Chilean architect Alejandro Aravena, winner of this year’s Pritzker Prize, has released four of his low-cost social housing designs online for free. The drawings, accompanied by a manifesto of sorts, are intended as an open-source aid to governments and developers looking to create well-designed affordable housing.
Aravena’s firm, Elemental, is known for its “incremental” housing projects, in which governments fund the construction of “half a good house” and residents complete the dwelling as resources allow. The drawings for four such projects — Quinta Monroy, Lo Barnechea and Villa Verde in Chile, and Monterrey in Mexico City — are now available for download on the studio’s website.
The studio also outlines the philosophy behind the incremental housing approach, and how it offers a sensible response to a global housing affordability crisis, in a text titled “ABC of Incremental Housing.” Noting that a third of the 3 billion people living in cities today live below the poverty line, the text states, “Given the magnitude of the housing shortage, we won’t solve this problem unless we add people’s own resources and building capacity to that of governments and market.”
Market-rate housing tends to respond to scarcity of means in two ways, it continues: reduce the size of the dwelling almost to the point of being unlivable, or displace poorer people to the peripheries of cities, where they are cut off from the resources and opportunities that make city living valuable.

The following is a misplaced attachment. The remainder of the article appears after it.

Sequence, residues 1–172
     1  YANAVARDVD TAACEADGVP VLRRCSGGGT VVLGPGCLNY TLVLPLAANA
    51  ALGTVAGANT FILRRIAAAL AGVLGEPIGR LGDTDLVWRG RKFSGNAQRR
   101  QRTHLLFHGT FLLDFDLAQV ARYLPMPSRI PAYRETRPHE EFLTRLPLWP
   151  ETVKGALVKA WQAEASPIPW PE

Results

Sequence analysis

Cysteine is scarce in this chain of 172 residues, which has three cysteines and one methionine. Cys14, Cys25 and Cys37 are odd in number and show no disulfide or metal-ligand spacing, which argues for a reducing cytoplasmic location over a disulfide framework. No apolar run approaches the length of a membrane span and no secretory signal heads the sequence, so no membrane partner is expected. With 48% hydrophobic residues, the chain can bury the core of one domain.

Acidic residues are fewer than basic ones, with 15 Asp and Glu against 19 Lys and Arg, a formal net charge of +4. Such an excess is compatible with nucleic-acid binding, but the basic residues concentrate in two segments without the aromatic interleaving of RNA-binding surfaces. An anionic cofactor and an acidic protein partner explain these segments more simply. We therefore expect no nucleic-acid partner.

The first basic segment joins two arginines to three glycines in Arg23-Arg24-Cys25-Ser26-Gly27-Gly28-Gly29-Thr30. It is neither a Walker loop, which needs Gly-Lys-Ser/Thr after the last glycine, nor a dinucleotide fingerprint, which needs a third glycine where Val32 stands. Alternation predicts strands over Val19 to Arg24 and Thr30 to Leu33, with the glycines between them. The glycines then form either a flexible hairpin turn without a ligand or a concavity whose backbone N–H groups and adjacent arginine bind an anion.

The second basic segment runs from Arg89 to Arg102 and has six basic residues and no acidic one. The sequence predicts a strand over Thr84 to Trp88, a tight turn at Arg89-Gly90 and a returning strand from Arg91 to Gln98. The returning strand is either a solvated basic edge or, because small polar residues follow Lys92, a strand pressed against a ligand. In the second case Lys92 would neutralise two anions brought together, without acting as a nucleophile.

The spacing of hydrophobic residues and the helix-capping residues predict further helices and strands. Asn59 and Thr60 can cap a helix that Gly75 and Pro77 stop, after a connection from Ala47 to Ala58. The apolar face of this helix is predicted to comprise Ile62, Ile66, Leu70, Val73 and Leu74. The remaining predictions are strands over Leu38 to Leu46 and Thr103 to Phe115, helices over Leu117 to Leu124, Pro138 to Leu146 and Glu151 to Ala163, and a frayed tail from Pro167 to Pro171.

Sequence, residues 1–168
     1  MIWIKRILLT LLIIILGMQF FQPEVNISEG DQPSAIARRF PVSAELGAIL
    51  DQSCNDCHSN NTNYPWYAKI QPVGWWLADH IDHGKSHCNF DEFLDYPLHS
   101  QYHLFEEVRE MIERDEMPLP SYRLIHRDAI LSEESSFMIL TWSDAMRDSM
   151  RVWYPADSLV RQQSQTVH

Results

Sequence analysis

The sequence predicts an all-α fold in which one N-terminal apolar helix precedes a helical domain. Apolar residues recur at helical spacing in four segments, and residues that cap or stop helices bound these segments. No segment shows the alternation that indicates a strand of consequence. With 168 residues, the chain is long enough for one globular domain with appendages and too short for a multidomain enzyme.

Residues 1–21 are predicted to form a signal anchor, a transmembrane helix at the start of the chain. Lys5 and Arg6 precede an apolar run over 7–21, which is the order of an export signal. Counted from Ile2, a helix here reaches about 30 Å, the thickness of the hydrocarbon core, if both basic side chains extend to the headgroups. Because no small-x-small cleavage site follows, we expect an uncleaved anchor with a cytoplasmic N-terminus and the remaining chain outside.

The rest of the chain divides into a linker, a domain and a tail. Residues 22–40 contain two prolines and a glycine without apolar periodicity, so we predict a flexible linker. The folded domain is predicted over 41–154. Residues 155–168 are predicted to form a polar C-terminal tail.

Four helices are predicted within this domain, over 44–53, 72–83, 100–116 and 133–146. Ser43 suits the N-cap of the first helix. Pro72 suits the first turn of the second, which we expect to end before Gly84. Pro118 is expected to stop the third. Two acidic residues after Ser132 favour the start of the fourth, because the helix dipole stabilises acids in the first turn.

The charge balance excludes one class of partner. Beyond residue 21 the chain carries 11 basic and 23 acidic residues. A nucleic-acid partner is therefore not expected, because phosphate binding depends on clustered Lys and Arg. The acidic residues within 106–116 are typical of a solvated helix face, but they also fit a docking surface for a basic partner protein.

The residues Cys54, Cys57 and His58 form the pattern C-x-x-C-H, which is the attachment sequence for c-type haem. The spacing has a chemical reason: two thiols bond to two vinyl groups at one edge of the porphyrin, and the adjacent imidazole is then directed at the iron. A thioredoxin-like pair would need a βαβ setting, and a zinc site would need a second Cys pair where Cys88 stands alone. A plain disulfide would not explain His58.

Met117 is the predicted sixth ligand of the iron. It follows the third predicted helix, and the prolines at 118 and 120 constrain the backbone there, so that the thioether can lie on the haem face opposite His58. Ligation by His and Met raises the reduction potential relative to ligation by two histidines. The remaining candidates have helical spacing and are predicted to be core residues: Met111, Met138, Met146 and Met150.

Elemental’s vision is instead to build projects dense enough and low-cost enough that they can be located in typically more expensive, better-situated sites. They aim for density without overcrowding, and design for the possibility of expansion, so that social housing can transition into middle-class dwellings.
The architect says government agencies and developers can be hesitant to experiment like this, fearful of spending money on forward-thinking design. From an Elemental statement on why the firm published the strategies online: “We hope will be able to rule out one more excuse for why markets and governments don’t move in this direction to tackle the challenge of massive rapid urbanisation. [The designs] are knowledge that we have tested, that have proved to be beneficial to communities and that have been implemented accepting very pressing budget and policy constraints.”
The firm notes that the designs will need to be modified to comply with local regulations and building codes, and to respond to “local realities.”
Aravena announced the open-source designs on Tuesday at a press conference at the United Nations in New York. “We [must] use peoples’ own capacity, ideas and resources to provide a better environment,” he said. “The scarcest resource in cities today is not money, but coordination. So we need to create open systems that can include people’s own capacity to add value to their living conditions and opportunities.”
Elemental, of which Aravena is the executive director, is known for its participatory design process, which engages politicians, lawyers, researchers, builders, future residents and other stakeholders in every phase of creating a housing project. The firm was also involved in the rebuilding of Constitución, a Chilean town nearly destroyed by a 2010 earthquake and tsunami. Aravena is curating the 2016 Venice Architecture Biennale, whose theme this year is “Reporting From the Front.” It will offer perspectives on global issues like crime, sanitation, housing shortage, traffic, waste, migration and pollution.
Jen Kinney is a freelance writer and documentary photographer. Her work has also appeared in Philadelphia Magazine, High Country News online, and the Anchorage Press. She is currently a student of radio production at the Salt Institute of Documentary Studies. See her work at jakinney.com.